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Walking Catfish
credit: Rajesh dangi/CCSA

Walkin' on Spines

A fish that can walk? Don't dismiss the notion too quickly. Because there are such creatures. One even walks the streets of North America.

Its common name is the Walking Catfish. A native of Thailand, it arrived on our shores in the 1960s. Floridians wanted to put the fish in aquariums, but specimens escaped or were released, and the fish soon became established in the Everglades and elsewhere. Land barriers that would have stopped the progress of another fish didn't deter the Walking Catfish; it simply took them in stride.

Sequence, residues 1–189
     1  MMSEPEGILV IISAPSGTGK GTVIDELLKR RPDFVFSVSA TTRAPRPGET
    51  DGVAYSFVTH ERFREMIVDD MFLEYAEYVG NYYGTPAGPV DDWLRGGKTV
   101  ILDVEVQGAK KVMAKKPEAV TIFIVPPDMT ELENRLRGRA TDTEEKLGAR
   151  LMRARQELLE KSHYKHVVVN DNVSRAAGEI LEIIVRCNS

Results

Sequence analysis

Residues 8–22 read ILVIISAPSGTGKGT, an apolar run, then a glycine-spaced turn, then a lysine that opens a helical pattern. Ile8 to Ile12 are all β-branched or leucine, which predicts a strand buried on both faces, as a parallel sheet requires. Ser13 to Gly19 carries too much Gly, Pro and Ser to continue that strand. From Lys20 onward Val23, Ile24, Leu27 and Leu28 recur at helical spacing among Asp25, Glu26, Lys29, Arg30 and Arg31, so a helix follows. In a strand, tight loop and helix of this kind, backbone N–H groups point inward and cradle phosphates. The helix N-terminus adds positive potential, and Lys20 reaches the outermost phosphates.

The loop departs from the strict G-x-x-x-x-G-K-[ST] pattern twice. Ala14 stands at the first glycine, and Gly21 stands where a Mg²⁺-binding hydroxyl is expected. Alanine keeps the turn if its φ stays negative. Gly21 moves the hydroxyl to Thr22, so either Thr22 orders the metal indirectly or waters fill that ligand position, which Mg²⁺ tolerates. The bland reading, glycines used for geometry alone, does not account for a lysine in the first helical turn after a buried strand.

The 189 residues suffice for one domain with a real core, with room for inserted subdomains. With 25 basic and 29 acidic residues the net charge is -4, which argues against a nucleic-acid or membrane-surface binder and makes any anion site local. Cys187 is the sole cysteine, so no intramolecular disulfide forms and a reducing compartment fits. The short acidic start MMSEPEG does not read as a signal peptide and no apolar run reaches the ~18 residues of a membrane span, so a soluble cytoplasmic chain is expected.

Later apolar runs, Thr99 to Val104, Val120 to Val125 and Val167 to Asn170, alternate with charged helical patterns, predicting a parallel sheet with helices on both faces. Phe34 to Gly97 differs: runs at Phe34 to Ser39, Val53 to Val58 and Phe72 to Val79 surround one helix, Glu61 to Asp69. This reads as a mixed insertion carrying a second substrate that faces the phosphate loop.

In stride? Not quite. The walk is more a crawl than a saunter. The fish relies upon the pull of its pectoral spines and lateral undulations to move across land. It can breathe air thanks to a special respiratory organ and survive for months without eating. About the only thing keeping the Walking Catfish in check is its aversion to cold weather.

Click here to learn more about the Walking Catfish.

 

 

 

 

 

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